At the end of last year I wrote a piece examining the ways in which radical feminists/prostitution abolitionists are smeared as being ‘in league with religious fundamentalists’.
In it I wrote: “It’s almost as if it’s possible for two groups, with wildly opposing views, to have one small area of overlapping agreement, without either group suffering from any internal inconsistency!”
But let us, as a thought experiment, pretend the smearers are right, and that if your politics has one small area of overlap with another group’s politics, then you are in league with them, and think exactly the same way they do!
In that case, who are the sex industry advocates in league with?
France came close, last year, to adopting an abolitionist approach to prostitution (also described as the ‘Nordic’ or ‘Swedish’ model, where the john is criminalised, while the prostitute her or him self is decriminalised), but the law stalled in the senate.
This, then, places sex industry advocates in league with the male-dominated establishment in France, where Dominique Strauss Kahn’s ~alleged~ rape of Nafissatou Diallo is seen by many as “the master having his way with the servant.”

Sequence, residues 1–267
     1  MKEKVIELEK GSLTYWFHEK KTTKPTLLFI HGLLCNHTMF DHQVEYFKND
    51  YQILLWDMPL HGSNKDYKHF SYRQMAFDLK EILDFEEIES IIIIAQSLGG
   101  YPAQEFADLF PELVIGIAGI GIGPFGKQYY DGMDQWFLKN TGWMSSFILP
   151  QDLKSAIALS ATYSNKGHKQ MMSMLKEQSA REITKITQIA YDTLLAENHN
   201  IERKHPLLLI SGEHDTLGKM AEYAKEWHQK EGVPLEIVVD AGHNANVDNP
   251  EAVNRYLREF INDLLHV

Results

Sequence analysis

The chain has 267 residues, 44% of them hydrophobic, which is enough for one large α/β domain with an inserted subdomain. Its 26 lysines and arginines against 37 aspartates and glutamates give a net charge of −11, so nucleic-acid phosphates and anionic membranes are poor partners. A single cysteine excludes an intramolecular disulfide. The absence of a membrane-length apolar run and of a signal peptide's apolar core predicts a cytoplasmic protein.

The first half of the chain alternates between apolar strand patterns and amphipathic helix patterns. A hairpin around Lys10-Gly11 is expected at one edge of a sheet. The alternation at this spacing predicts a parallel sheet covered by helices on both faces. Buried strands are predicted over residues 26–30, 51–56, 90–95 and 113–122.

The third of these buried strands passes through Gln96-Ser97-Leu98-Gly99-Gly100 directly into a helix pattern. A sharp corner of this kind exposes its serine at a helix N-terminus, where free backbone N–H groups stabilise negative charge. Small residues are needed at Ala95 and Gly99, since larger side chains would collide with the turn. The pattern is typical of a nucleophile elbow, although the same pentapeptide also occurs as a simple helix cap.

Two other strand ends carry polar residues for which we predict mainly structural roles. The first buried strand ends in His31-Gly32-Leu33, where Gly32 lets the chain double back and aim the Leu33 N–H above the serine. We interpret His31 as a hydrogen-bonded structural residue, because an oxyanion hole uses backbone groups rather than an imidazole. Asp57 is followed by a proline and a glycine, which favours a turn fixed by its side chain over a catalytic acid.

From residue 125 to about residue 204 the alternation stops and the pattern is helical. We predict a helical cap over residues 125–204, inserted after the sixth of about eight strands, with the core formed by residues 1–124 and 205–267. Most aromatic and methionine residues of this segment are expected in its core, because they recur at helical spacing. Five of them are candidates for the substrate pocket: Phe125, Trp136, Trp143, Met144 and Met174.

Christine Delphy, a feminist sociologist and writer, believes the Carlton trial shows attitudes are changing but, she says, “only marginally and very slowly”. “I still hear people claiming the Sofitel incident was a conspiracy or blaming it on American puritanism and defending what DSK did with the ‘private life’ argument,” said Delphy. “This is France, a country where many white politicians asked how it was possible that a black, immigrant chambermaid dared to make a complaint against a powerful man, where Nafissatou Diallo was treated as a liar and a gold-digger. A male commentator said what happened was simply a case of the master having his way with the servant.
If, in the UK, in the future, the new Tory regime decides to decriminalise the sex industry, it won’t be because of a genuine concern about marginalised women, but because of a neoliberal ideology that sees all human beings as nothing more than economic units making rational economic choices, in a free market that can magically regulate itself; or because of old-fashioned patriarchal ideas about men ‘needing’ a sacrificial class of prostituted women, who aren’t good for anything else anyway, and that some women are just ‘born whores’.
The risk of being ‘in league’ with right wingers/religious fundamentalists/etc, is never a concern for sex industry advocates. So even if they did get their way under the Tories, that would never be seen as proof that they were in league with them (despite the neoliberal leanings of some sex industry advocates).
Funny how that works isn’t it?